Bringing home the bacon

Bringing Home the Bacon

by Sam Bilton on March 19, 2012 2 comments

Bringing home the baconNothing quite beats the smell of bacon sizzling in a frying pan.  It’s an aroma that is guaranteed to get even the most ardent vegetarian salivating. Although processed and red meat have taken a battering in the press recently I still believe bacon is a product that should be applauded for its versatility.  Serve it as part of a weekend fry up for breakfast with creamy scrambled eggs or with seared calves liver and caramelised onions for dinner. Bacon can even been paired with chocolate with  Paul A Young combining both these ingredients with Stilton in a sandwich in his book Adventures in Chocolate!

Bacon Connoisseurs Week starts today so I thought I would share one of my favourite recipes. Mitten of Pork involves encasing tender pork fillet and herby stuffing in a bacon shell.  It’s probably far from healthy but it is delicious (and a little of what you fancy once in a while isn’t a bad thing).  Jennifer Paterson and Clarissa Dickson Wright (aka The Two Fat Ladies) serve their Mitten of Pork cold as part of a picnic buffet (rather like a pastryless pork pie).  While this is delicious I prefer to eat it hot.  I have altered their recipe to include some Bramely apple in the stuffing and like to serve my version with an aromatic cider and mustard sauce.  Be careful not to add too much salt to this when assembling it as the bacon contains a fair amount itself.

Mitten of Pork with Cider and Mustard Sauce (Serves 4 – 6)

Ingredients

  • 16 – 18 rashers streaky bacon
  • 500g pork tenderloin, thinly sliced
  • 1 onion, chopped
  • 25g unsalted butter
  • 150g fresh white breadcrumbs
  • 1tbsp finely chopped fresh sage, (about 2 good sized sprigs)
  • 100g Bramley apple, peeled, cored and finely chopped
  • Salt and pepper

For the sauce

  • 1 onion
  • 1 small carrot
  • 1 stick celery
  • 2 rashers streaky bacon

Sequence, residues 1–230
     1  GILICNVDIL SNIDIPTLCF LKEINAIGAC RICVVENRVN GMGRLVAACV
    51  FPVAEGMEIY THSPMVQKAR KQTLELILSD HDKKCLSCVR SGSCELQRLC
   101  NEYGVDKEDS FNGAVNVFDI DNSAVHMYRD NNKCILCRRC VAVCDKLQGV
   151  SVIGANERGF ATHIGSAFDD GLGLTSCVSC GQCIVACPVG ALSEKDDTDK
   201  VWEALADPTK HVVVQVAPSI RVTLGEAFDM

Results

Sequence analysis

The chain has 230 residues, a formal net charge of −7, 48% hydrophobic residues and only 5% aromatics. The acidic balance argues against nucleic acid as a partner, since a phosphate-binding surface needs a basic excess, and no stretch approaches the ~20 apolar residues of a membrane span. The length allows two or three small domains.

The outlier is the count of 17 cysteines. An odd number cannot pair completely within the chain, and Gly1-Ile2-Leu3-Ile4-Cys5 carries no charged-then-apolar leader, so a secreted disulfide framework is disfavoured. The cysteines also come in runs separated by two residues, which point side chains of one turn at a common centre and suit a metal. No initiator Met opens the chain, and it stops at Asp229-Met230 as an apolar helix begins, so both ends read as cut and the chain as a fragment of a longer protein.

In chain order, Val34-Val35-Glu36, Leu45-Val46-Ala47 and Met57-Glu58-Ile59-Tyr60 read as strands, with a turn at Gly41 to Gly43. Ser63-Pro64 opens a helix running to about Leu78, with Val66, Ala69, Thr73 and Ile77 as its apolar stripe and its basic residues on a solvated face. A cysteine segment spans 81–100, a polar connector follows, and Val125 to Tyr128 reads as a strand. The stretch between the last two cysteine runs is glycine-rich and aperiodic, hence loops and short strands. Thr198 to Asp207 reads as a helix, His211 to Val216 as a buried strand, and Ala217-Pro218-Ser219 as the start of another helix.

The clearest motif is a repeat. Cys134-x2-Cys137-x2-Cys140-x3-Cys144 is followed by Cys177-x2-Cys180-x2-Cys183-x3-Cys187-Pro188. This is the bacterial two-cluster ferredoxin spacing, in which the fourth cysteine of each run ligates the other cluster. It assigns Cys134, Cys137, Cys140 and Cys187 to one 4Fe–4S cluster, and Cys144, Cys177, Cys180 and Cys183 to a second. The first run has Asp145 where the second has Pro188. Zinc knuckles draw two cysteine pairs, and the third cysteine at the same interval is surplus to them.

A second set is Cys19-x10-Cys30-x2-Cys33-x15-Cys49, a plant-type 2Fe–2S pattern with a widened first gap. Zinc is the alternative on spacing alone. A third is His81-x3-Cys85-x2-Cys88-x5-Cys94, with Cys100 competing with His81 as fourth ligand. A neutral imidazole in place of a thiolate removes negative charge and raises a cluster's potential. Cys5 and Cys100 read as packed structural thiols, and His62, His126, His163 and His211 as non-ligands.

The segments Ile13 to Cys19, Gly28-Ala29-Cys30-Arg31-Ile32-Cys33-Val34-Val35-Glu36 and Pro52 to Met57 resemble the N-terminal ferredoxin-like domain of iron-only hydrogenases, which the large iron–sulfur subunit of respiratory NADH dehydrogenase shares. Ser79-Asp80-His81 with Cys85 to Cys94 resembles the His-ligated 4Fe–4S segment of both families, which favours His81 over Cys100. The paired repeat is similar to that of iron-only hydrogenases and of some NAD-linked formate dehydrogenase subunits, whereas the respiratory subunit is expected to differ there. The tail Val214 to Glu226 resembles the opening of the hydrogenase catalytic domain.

• 25g butter
  • 1 tbsp (15g) plain flour
  • 300ml dry cider
  • 300ml chicken stock
  • 1 tbsp wholegrain mustard
  • 2 tbsp double cream
  1. Line an 18cm oven proof bowl with bacon rashers cutting soBasin lined with baconme to size to ensure there are no gaps.  Leave some of the longer ones hanging over the edge to form part of the topping.  You will need to reserve at least two of the rashers to finish the top of the mitten.
  2. Melt the butter in a frying pan until gently foaming then add the chopped onion.  Fry until soft but not coloured (about 5 – 10 minutes).
  3. Place the breadcrumbs, sage and apple in a bowl.  Add the onion when cooked and season with a little salt and a generous grinding of pepper.  Mix well.
  4. To assemble the mitten, place a little of the sliced pork into the bacon lined bowl seasoning with a little salt and pepper followed by a layer of the sage, apple and onion stuffing.  Repeat this process until all of the pork and stuffing have been used.
  5. Fold the overhanging rashers of bacon over the top of the mitten using the reserved rashers to complete the “lid”.  Press down then cover the mitten with greaseproof paper  and foil.  Place a weight on top of the bowl (e.g. a couple of tins of beans) and place in the fridge for one hour.
  6. Preheat the oven to 180°C (slightly less for fan ovens) / 350°F / Gas 4.
  7. Place the mitten on a baking tray in the centre of the oven and bake for 1 hour.  After this time remove the foil and greaseproof paper and bake for a further 10 minutes to crisp the top of the mitten.
  8. Place a plate on top of the cooked mitten and carefully flip the bowl and plate over (be very careful as there will be a little hot fat bubbling away inside the bowl).  Remove the bowl to reveal a dome of bacon.  Serve cut into wedges with some cider and mustard sauce and your choice of vegetables.

Mitten of Pork

For the sauce 

  1. While the mitten is cooking, prepare the sauce. Finely chop the onion, carrot, celery and bacon. Melt the butter in a small saucepan then gently fry the vegetables and bacon until lightly coloured. Sprinkle in the flour and cook for a minute more.
  2. Gradually add the cider followed by the chicken stock stirring after each addition. Stir while you bring the mixture to the boil then gently simmer and reduce slightly.  It should bubble away nicely while the mitten is cooking.  If you are worried about it becoming too thick then remove it from the heat and reheat it when you are ready to serve the mitten.
  3. Strain the sauce discarding the vegetables and bacon.  Return to the pan and whisk in the mustard and the cream.  Heat until hot but not boiling.

Sliced mitten of pork

Sam BiltonBringing Home the Bacon

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2 comments

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  • annemaxfield@gmail.com - March 19, 2012 reply

    This looks amazing! For those of us in the US, what apple is like a Bramley?

    admin - March 19, 2012 reply

    A Bramley apple is a cooking apple (i.e. not too sweet). You could use a tart eating apple instead.

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